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  1. Yes, Ersal, thank you for donating a whole $75,000, while the city gives you a parking garage for free and is going to pay for a multi million dollar stadium for you. I'd be donating money too if I was on welfare.

  2. I live and work in Broad Ripple and agree 100% that the traffic is not a significant problem. It can be slow at some times, but hey...this is an urban area. As for the development itself...HOORAY. Office and retail development brings people during the day, something that our community needs much more of. Thank goodness people are finally waking up to take advantage of the serene White River views. The BRVA land us committee endorsed the project because they know how these kind of projects help offset the cries of "too many bars". Pray that this development, and the proposed major investment by Browning, move forward. And remember Good Earth, these will mean hundreds of daytime people - potential shoppers for your store.

  3. Under current, previous existing law, this new law would be unconstitutional. Not that supposedly having to have a driver's license to drive isn't in the first place.

  4. The deductible is entirely paid by the POWER account. No one ever has to contribute more than $25/month into the POWER account and it is often less. The only cost not paid out of the POWER account is the ER copay ($8-25) for non-emergent use of the ER. And under HIP 2.0, if a member calls the toll-free, 24 hour nurse line, and the nurse tells them to go to the ER, the copay is waived. It's also waived if the member is admitted to the hospital. Honestly, although it is certainly not "free" - I think Indiana has created a decent plan for the currently uninsured. Also consider that if a member obtains preventive care, she can lower her monthly contribution for the next year. Non-profits may pay up to 75% of the contribution on behalf of the member, and the member's employer may pay up to 50% of the contribution.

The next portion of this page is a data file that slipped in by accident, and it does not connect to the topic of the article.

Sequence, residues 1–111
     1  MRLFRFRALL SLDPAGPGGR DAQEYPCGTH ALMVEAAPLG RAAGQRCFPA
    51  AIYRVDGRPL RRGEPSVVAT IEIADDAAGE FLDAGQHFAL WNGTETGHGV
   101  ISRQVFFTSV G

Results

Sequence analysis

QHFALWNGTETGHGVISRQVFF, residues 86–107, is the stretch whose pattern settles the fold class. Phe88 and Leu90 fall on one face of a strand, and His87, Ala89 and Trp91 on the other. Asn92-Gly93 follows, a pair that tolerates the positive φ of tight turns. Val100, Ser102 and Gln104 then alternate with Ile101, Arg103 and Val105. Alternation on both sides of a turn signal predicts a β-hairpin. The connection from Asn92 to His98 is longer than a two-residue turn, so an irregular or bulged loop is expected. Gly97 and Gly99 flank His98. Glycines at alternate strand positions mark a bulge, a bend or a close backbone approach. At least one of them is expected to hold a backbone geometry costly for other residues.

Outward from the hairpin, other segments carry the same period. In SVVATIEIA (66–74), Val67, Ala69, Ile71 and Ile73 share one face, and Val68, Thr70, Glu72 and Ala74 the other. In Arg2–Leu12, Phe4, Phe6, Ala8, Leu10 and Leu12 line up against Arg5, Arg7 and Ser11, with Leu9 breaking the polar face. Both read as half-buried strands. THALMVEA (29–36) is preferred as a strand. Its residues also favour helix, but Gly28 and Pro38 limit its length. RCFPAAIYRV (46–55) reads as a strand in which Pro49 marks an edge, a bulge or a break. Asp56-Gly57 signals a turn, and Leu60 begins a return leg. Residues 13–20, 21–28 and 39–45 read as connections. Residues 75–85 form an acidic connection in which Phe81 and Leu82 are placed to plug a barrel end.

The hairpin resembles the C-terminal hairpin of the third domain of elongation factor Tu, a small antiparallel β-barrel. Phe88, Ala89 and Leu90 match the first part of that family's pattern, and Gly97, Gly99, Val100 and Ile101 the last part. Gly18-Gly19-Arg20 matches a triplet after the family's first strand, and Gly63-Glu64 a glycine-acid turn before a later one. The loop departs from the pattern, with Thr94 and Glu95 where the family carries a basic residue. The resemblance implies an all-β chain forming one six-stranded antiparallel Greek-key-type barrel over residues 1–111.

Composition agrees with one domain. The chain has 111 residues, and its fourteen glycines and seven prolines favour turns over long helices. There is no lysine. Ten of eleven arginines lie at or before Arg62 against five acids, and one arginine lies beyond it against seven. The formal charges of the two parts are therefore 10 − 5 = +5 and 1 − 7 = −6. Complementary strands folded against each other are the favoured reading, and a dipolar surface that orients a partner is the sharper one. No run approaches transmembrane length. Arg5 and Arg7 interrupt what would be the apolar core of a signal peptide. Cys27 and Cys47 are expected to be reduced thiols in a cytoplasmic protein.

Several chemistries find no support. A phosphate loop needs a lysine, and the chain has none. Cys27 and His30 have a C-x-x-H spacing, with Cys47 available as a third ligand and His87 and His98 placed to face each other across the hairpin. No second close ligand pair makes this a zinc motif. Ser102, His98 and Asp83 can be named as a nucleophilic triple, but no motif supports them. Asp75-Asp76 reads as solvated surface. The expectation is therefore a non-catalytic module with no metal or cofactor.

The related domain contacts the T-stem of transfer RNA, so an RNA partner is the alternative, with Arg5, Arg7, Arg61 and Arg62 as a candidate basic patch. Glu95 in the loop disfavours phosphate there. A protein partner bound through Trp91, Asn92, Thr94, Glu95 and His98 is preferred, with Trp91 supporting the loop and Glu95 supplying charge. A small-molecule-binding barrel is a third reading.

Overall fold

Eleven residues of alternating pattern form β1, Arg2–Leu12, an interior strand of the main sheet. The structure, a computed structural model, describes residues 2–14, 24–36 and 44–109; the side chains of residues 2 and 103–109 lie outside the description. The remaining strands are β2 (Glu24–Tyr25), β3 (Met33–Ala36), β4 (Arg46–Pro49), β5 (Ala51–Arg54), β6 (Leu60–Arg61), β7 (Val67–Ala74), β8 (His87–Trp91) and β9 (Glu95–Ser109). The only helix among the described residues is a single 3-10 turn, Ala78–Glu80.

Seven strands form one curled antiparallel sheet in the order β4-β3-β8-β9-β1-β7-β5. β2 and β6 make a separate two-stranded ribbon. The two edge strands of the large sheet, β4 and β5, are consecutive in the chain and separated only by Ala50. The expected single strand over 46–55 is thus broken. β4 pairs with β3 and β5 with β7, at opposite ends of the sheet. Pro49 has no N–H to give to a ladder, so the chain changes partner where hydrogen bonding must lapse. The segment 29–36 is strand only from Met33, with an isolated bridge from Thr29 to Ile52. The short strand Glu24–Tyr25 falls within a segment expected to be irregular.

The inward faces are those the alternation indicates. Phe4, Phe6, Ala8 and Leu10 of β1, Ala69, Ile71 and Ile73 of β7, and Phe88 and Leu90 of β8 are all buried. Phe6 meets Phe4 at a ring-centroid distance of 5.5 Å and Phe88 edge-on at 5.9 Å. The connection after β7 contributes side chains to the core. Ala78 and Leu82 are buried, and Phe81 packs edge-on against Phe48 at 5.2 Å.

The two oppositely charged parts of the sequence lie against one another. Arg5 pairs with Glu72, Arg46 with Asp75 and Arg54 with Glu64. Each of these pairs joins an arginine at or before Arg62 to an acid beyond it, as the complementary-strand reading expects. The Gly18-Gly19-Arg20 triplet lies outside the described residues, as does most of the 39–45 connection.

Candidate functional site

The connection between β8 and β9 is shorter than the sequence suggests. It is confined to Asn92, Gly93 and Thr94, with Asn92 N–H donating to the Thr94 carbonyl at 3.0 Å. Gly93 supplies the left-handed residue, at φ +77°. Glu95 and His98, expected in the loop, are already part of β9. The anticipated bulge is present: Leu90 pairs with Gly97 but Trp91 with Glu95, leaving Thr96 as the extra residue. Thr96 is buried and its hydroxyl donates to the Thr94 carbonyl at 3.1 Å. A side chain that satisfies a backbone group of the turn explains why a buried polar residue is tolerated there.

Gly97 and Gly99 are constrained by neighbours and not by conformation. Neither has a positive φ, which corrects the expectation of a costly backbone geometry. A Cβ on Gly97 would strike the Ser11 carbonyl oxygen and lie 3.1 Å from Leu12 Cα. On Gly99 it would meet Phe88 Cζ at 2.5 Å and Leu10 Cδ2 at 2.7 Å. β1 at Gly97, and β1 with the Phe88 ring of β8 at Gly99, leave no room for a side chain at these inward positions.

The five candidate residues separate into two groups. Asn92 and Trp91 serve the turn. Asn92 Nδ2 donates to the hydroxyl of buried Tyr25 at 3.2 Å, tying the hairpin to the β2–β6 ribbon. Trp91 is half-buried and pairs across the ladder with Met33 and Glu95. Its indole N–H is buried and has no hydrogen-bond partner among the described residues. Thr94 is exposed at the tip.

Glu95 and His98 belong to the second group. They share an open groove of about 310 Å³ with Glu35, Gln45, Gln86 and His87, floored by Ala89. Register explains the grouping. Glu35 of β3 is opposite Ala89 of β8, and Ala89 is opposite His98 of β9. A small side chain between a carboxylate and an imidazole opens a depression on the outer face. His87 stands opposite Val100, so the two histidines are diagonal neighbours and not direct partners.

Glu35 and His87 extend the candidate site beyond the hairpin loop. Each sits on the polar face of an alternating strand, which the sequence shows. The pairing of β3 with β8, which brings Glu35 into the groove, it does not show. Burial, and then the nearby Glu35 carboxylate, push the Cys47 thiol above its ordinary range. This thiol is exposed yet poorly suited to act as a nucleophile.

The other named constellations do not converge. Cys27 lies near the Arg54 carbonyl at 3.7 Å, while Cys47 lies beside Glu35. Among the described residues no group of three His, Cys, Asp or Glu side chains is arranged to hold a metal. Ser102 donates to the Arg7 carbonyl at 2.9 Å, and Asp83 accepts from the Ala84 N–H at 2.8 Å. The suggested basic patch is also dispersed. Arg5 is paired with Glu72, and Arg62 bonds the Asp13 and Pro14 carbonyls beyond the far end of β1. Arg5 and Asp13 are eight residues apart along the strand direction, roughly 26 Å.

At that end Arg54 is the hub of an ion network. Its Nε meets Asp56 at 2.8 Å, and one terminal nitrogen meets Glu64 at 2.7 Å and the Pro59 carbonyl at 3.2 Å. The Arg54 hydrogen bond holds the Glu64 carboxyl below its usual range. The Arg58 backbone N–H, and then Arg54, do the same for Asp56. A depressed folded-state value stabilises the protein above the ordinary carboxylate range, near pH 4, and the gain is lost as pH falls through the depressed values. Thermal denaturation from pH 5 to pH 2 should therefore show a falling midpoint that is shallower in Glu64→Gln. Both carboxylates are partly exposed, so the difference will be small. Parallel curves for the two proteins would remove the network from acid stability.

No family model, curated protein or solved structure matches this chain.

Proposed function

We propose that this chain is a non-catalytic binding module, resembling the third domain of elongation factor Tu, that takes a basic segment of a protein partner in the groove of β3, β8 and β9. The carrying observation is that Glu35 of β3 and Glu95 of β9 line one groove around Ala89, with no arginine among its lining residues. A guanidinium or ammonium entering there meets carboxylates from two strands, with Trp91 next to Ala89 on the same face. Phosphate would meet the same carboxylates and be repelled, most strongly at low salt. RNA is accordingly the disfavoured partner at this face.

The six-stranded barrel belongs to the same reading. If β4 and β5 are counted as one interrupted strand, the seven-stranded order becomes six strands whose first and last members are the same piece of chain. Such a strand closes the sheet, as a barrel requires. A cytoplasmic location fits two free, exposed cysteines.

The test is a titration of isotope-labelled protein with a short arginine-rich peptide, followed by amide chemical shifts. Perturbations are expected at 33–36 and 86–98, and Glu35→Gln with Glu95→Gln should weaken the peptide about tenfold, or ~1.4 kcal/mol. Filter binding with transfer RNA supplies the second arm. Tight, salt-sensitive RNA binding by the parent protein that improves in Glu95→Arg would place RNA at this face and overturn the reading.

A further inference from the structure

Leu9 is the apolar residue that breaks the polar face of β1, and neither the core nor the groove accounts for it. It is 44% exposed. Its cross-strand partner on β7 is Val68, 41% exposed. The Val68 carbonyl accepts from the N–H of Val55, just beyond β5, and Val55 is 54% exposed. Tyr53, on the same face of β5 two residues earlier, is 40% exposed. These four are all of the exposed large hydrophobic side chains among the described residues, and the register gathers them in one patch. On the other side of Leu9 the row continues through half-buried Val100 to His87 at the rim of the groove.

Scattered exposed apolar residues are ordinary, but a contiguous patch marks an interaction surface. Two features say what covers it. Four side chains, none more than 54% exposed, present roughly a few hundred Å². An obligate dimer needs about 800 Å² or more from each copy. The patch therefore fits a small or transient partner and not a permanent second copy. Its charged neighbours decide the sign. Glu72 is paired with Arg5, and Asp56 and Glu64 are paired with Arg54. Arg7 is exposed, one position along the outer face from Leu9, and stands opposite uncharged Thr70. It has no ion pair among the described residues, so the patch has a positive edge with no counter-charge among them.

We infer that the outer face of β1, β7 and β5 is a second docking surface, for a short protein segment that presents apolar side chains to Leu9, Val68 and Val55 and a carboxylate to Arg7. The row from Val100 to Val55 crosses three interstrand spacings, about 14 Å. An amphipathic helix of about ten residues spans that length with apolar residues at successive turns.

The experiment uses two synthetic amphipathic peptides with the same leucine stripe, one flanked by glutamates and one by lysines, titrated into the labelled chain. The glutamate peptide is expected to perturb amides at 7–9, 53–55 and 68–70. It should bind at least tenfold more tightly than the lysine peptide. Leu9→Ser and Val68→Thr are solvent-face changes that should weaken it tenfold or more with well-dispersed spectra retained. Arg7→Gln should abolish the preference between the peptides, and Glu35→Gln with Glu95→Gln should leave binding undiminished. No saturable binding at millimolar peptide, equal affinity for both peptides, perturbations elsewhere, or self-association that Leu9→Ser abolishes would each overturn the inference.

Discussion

5. I wonder if the governor could multi-task and talk to CMS about helping Indiana get our state based exchange going so Hoosiers don't lose subsidy if the court decision holds. One option I've seen is for states to contract with healthcare.gov. Or maybe Indiana isn't really interested in healthcare insurance coverage for Hoosiers.

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